The Anti-Counterfeiting Trade Agreement is an initiative to impose international standards for enforcing intellectual property right. The plan is to solve the growing problem of counterfeit goods and piracy, which is considered to be a threat to the sustainable development of the world economy, according to the European Commission.
ACTA will deal with the protection of physical goods such as generic medicines, food patents and free circulation of medical information. Digital infringement is also part of the treaty’s regulations. Civil enforcement penalties for copyright infringement will consist of paying damages, though the actual penalty for piracy is still uncertain.
Countries such as Japan, Australia, Canada, Morocco, New Zealand, Singapore, South Korea, the United States and 22 of the European Union’s members have signed the treaty. Nevertheless, these signatures solely mark the progress of ratification, which ultimately rests in the hands of the European Parliament.
Early discussions about ACTA took place throughout 2006 and 2007. The negotiations started in June of 2008. During these negotiations some countries requested the text should not be disclosed, meaning public and civil organizations would not be part of the compromise. The leaking of documents to the Internet sparked wider public awareness of the agreement.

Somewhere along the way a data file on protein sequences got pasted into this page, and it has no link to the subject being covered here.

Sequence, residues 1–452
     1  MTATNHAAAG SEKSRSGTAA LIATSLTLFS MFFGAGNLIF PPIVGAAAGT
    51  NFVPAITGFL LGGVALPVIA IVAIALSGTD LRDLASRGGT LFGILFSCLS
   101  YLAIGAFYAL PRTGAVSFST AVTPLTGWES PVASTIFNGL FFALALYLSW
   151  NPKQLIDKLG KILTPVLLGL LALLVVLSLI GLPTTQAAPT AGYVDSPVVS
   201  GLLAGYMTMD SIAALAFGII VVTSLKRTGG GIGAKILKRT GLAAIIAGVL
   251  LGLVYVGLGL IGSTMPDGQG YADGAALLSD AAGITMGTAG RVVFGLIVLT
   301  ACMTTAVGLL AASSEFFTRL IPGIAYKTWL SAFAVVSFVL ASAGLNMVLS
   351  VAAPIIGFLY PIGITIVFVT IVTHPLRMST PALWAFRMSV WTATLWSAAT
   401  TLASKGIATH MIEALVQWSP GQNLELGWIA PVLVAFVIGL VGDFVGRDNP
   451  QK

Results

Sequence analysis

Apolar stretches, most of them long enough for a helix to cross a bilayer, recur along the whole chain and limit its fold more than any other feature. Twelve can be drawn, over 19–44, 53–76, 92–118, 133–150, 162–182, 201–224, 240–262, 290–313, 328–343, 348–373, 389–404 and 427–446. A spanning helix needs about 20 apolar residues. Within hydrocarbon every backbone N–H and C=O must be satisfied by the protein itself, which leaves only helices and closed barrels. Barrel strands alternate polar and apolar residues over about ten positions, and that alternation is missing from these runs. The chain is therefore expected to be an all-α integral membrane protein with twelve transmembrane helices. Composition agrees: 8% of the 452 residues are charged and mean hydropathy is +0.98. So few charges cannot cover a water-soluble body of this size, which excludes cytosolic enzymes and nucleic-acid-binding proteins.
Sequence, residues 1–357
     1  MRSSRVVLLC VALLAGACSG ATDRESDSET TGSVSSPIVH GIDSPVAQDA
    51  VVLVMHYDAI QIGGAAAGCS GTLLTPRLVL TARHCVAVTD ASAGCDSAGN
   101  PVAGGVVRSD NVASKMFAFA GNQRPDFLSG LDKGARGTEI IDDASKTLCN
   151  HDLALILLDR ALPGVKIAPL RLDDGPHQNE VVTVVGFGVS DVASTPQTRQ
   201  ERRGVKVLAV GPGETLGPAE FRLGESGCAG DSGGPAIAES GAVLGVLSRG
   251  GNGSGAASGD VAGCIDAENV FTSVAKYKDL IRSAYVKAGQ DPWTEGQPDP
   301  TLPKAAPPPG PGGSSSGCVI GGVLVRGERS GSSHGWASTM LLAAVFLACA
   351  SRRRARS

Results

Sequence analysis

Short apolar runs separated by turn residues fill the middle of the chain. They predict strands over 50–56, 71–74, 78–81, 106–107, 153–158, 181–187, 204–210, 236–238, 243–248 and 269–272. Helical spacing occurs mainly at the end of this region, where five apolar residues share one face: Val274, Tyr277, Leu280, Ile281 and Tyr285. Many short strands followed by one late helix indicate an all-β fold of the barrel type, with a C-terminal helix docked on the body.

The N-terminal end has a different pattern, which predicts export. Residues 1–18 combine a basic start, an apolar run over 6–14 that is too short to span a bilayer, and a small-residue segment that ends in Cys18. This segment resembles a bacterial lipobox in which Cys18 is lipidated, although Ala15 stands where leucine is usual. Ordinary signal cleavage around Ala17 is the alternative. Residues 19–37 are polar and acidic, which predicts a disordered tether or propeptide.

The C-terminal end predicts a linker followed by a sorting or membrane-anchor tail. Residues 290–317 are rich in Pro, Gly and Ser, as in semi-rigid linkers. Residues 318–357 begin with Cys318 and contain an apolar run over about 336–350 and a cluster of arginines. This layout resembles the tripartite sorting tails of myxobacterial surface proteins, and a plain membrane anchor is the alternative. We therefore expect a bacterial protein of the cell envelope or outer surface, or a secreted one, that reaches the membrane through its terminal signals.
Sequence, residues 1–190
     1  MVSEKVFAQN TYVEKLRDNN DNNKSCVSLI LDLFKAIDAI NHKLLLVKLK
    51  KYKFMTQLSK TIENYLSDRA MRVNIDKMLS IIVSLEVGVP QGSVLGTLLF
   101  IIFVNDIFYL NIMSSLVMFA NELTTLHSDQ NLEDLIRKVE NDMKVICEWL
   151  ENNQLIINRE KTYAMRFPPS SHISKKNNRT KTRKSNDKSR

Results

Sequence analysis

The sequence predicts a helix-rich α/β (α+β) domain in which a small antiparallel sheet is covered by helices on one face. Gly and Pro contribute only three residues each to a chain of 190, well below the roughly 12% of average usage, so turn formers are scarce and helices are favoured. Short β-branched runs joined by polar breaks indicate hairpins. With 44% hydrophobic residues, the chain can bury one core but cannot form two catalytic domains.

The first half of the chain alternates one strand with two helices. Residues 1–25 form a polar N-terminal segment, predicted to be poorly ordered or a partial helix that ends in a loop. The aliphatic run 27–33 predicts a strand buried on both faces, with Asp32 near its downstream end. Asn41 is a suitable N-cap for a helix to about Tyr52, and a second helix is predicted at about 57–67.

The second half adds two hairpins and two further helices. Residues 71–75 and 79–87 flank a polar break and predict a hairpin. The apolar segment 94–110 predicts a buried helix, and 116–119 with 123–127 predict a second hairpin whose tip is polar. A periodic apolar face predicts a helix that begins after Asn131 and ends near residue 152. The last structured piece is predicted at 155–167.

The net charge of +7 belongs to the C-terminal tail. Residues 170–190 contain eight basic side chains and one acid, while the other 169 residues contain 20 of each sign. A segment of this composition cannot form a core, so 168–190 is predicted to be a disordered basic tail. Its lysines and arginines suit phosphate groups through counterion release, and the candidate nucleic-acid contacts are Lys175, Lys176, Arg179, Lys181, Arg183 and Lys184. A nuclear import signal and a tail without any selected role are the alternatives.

The U.S. has already signed ACTA, with both the George W. Bush and Barack Obama administrations having issued executive orders to keep negotiations concerning Internet control legislation secret because it could cause “damage to the national security.”
However, much of the response to ACTA has been negative. Rep. Darrell Issa, R-Calif., called the treaty “more dangerous than SOPA,” citing the lack of a congressional vote as his primary concern.
Popular science and technology website Ars Technica was quick to dispel much of the misinformation surrounding ACTA, stating the debate must be “informed by accurate information.” The writer made it clear, though, that ACTA has “both procedural and substantive problems” as it was “negotiated in extreme secrecy by a small group of wealthy nations.”
Mexico, one of the countries previously involved in the ACTA negotiations, has rejected the final agreement. ACTA states that countries can sign the treaty until the end of March next year, although the European Parliament, which is responsible for ratifying the treaty, are set to vote on the agreement this June.